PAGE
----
b5798391-9f96-4b54-abf4-776fcfae7a21

Clark, Tristan, de Lusignan, Simon, Hoang, Uy, Liyanage, Harshana, Tripathy, Manasa, Yonova, Ivelina, Byford, Rachel, Ferreira, Filipa and Diez-Domingo, Javier (2020) Integrating molecular point-of-care testing for influenza into primary care: a mixed-methods feasibility study. The British journal of general practice : the journal of the Royal College of General Practitioners, 679 (70), 555-562. (doi:10.3399/bjgp20X710897).

Record type: Article

Abstract

Background: molecular point-of-care testing (POCT) for influenza in primary care could influence clinical care and patient outcomes.Aim: To assess the feasibility of incorporating influenza POCT into general practice in England.Design and setting: A mixed-methods study conducted in six general practices that had not previously participated in respiratory virology sampling, which are part of the Royal College of General Practitioners Research and Surveillance Centre English sentinel surveillance network, from February 2019 to May 2019.
Method: a sociotechnical perspective was adopted using the Public Health England POCT implementation toolkit and business process modelling notation to inform qualitative analysis. Quantitative data were collected about the number of samples taken, their representativeness, and the virology results obtained, comparing them with the rest of the sentinel system over the same weeks.
Results: a total of 312 POCTs were performed; 276 were used for quantitative analysis, of which 60 were positive for influenza and 216 were negative. The average swabbing rate was 0.4 per 1000 population and swab positivity was between 16.7% (n = 14/84) and 41.4% (n = 12/29). Given a positive influenza POCT result, the odds ratio of receiving an antiviral was 14.1 (95% confidence intervals [CI] = 2.9 to 70.0, P<0.001) and of receiving an antibiotic was 0.4 (95% CI = 0.2 to 0.8, P = 0.01), compared with patients with a negative result. Qualitative analysis showed that it was feasible for practices to implement POCT, but there is considerable variation in the processes used.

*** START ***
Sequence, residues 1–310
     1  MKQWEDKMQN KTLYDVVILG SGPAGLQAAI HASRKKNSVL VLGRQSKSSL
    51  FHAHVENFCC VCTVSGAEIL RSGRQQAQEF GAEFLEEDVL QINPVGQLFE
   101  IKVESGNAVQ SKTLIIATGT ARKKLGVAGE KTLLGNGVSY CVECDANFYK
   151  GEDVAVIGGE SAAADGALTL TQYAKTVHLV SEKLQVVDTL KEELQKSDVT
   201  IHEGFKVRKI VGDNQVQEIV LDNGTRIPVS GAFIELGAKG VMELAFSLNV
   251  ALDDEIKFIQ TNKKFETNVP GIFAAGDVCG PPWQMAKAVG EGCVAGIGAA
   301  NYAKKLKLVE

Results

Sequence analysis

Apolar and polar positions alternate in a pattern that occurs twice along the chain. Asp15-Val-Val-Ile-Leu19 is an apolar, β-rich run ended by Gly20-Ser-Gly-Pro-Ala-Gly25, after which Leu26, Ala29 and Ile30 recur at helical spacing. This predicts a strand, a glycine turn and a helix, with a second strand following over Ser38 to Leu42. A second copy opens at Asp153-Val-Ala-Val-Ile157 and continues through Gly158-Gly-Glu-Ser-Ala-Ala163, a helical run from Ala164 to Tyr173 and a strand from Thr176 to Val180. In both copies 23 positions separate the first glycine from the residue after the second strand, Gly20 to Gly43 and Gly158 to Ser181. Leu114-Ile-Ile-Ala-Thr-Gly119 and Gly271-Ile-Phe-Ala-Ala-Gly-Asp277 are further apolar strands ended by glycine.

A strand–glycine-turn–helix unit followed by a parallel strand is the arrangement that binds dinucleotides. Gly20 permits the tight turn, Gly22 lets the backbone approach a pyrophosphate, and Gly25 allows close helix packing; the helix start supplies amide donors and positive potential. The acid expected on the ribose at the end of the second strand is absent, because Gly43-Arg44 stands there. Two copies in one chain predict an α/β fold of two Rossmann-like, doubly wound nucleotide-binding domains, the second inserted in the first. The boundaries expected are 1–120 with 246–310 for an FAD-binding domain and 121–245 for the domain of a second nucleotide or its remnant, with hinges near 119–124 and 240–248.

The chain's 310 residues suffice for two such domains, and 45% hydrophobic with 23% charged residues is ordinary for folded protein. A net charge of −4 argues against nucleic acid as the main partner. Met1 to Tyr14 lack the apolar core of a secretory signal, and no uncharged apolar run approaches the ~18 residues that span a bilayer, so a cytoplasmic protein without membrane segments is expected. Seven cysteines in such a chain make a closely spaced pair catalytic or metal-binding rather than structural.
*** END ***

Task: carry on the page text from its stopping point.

Conclusion: testing for influenza using POCT is feasible in primary care and may improve antimicrobial use. However, further evidence from randomised trials of influenza POCT in general practice is needed.

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Accepted/In Press date: 10 February 2020
Published date: 30 July 2020
Keywords: point-of-care (POC) diagnostics

Identifiers

Local EPrints ID: 443229
URI: http://eprints.soton.ac.uk/id/eprint/443229
ISSN: 0960-1643
PURE UUID: 7ddf09a8-e1c7-43c0-9093-398deb604509
ORCID for Tristan Clark: ORCID iD orcid.org/0000-0001-6026-5295

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Date deposited: 18 Aug 2020 16:30
Last modified: 28 Apr 2022 02:10

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Contributors

Author: Tristan Clark ORCID iD
Author: Simon de Lusignan
Author: Uy Hoang
Author: Harshana Liyanage
Author: Manasa Tripathy
Author: Ivelina Yonova
Author: Rachel Byford
Author: Filipa Ferreira
Author: Javier Diez-Domingo